Guests with medical expertise have lent a hand – from dentists who’ve volunteered at the Foundation’s Hobawawi Clinic fixing locals’ teeth, to a burn specialist who spent a week training clinic nurses. All guests, including children, are invited to paint educational murals for the nearby schools. I join the Sumba Foundation Tour and opt to help out at lunchtime serving mung bean soup to the 130 students at Alang Primary. Presently, the Foundation provides lunch twice a week to schools across the island. A California fundraising dinner and silent auction at the home of a longtime Nihiwatu guest collected more than $500,000 to support a third lunch day, plus convert the copra-burning biodiesel plant that powered the resort until 2015 into a school meal kitchen.
That afternoon back at Nihiwatu, I cross paths on the beach with a 20-something London fashion editor and her partner. They’d also gone on the tour and have decided to purchase new uniforms for the schoolchildren. “I knew before coming here about the Foundation’s work,” she says. “But seeing the juxtaposition between here and there… it makes you want to be a better person.”
They’re off to go snorkeling, taking a dinghy out to Nihiwatu’s limestone coral reef. I’m not one for water sports but Boathouse manager C.J. Kimmell assures me that the standup paddle-boarding trip on the Wanukaka River is a cinch.
He’s right. After a wobbly attempt at standing up, I sit cross-legged on my board as the lazy current makes its way through scenes of local life: a woman washing laundry, hanging the clothes on a bush to dry; two young boys carrying bundles of firewood on their backs. A three-foot-long monitor lizard edges along the shoreline before disappearing into the tall grass.
“Sometimes I can’t believe I’m here on this forgotten island in Indonesia,” says Kimmell later that day, over sundowners in the Nio Beach Club, the more casual of the resort’s two sandy-floored outdoor restaurants. Nihiwatu’s legendary wave breaks in front of us, 600 feet offshore. Kimmell gazes out at the vast swathes of reds, yellows and countless shades in between at play in the dusky sky. “It’s mythological.”
Sunrise can be equally otherworldly, I discover, when I set off the following morning with guide Maxi Deta on a two-hour trek to Rice Island. The mist is rising over the mountains as we hike the length of the beach, then veer up a steep, muddy path into the jungle. Deta is wearing flip-flops but ably navigates the terrain, taking my hand to keep me steady as we traverse a shallow stream, then cut into the woods where an elderly man collects betel nuts from the forest floor.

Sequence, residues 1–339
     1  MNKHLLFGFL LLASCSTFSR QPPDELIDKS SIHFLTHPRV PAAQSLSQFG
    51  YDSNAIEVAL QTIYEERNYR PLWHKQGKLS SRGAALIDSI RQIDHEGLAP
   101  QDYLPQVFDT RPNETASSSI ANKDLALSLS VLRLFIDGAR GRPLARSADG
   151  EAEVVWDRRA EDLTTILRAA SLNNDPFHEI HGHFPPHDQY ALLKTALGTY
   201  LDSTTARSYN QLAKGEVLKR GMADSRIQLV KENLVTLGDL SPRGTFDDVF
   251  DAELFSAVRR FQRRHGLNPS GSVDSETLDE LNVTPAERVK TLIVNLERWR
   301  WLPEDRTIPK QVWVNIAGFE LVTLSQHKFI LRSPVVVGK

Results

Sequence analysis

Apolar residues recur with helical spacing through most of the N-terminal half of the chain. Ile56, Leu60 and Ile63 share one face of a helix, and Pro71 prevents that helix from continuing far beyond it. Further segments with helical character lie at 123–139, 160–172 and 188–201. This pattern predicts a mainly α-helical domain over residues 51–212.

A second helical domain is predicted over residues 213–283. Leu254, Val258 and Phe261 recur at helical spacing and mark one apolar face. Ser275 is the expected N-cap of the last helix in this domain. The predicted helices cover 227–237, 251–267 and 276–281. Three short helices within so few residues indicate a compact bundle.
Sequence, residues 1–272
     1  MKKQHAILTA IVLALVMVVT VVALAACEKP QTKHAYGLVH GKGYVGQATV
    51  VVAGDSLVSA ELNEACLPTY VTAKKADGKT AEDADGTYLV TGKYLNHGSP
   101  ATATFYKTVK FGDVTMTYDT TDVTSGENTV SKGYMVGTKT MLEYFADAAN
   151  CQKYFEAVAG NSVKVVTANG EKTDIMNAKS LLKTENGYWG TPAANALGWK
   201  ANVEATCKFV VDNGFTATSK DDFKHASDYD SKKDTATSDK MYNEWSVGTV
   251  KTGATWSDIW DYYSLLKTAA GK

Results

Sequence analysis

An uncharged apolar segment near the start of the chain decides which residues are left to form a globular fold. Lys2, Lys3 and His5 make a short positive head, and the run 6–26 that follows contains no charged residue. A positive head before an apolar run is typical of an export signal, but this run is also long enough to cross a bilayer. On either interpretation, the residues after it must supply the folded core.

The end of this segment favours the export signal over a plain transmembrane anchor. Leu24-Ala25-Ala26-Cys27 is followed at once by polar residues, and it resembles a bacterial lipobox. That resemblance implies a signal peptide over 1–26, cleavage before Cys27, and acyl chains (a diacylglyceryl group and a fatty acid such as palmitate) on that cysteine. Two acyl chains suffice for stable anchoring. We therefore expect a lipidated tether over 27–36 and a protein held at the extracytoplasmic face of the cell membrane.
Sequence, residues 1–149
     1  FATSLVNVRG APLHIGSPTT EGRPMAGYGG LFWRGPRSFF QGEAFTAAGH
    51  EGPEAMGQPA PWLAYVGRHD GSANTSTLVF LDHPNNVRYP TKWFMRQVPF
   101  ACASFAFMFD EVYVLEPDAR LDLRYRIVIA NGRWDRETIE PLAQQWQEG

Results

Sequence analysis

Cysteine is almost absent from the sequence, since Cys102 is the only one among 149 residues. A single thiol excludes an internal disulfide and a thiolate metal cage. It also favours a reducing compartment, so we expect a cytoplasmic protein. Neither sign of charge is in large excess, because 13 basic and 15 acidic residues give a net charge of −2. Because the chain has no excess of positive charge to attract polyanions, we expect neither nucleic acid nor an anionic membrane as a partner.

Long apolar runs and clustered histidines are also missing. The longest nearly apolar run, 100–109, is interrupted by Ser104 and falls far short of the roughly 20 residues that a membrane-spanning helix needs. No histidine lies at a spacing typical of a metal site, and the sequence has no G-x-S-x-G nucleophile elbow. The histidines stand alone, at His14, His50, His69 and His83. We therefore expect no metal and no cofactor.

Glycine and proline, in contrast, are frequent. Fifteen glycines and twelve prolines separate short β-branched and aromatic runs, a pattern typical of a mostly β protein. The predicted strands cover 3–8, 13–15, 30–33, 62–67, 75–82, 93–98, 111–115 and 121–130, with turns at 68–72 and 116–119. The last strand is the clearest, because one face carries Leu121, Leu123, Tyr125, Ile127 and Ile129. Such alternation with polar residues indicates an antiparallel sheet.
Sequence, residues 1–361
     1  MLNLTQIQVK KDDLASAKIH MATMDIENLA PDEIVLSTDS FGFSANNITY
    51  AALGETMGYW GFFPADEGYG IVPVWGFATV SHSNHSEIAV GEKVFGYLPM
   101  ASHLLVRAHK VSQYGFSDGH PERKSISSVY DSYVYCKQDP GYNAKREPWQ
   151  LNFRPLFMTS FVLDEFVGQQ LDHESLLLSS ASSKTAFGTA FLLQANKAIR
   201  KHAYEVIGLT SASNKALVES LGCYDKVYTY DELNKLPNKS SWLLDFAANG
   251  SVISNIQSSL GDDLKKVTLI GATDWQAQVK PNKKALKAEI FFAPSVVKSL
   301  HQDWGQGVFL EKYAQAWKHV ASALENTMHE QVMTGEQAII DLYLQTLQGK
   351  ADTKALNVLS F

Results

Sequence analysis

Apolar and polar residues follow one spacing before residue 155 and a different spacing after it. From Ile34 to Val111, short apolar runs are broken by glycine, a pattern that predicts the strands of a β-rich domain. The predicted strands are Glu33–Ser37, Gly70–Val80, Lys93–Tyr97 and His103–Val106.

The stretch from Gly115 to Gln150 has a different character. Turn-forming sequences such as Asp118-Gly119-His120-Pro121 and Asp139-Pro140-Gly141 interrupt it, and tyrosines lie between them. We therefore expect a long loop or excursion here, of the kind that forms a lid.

Farther on, past a farmer driving a water buffalo through a muddy paddy to aerate the soil, a half-dozen men are searching for a missing horse. For ages, Sumba’s sturdy native ponies were a valuable export, bartered with Chinese, Arab and later Portuguese traders. Today, they are still prized and included (along with costly water buffalo) in wedding dowries, as well as sacrificed at funerals to accompany the departed into the afterlife.
Finally, across a narrow bamboo bridge we reach the knoll known as Rice Island. From where I breakfast on papaya, melon and Indonesian fried rice or nasi goreng, overlooking a valley of lush green rice fields stretching like quilt-work to the sea, the view is serene.
Then Deta draws my attention to a clearing on a far-off hill where a few weeks earlier hundreds of horsemen from rival tribes battled with wooden spears in the sacred annual rite known as pasola. “We know pasola is dangerous but it’s the tradition in our culture,” he says. “This year there was not a lot of blood, so we will not have a good harvest.”
Later that day, I settle in at the open-air Menara game room-lounge, sipping on a cold glass of green tea, pineapple juice and lemongrass with Briton Chris Bromwich, Nihiwatu’s Business Development and Asset Manager (as well as its resident deep-sea fishing guru). I’m curious to know why he thinks the resort has received so many accolades.
“We never thought we would,” he admits. “This is not just a hotel. It’s a relationship with community. It’s about leaving our mark in a positive way. That’s the journey of Nihiwatu.”
A version of this article appeared in Issue 29 of Experience magazine published on October 9, 2017.